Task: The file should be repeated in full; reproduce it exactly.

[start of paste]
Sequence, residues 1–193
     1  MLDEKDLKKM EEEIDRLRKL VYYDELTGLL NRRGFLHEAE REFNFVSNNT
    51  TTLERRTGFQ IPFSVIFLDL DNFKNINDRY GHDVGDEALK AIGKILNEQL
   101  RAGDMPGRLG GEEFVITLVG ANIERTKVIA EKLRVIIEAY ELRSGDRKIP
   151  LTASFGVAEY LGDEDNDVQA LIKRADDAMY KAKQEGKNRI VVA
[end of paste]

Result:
Sequence, residues 1–193
     1  MLDEKDLKKM EEEIDRLRKL VYYDELTGLL NRRGFLHEAE REFNFVSNNT
    51  TTLERRTGFQ IPFSVIFLDL DNFKNINDRY GHDVGDEALK AIGKILNEQL
   101  RAGDMPGRLG GEEFVITLVG ANIERTKVIA EKLRVIIEAY ELRSGDRKIP
   151  LTASFGVAEY LGDEDNDVQA LIKRADDAMY KAKQEGKNRI VVA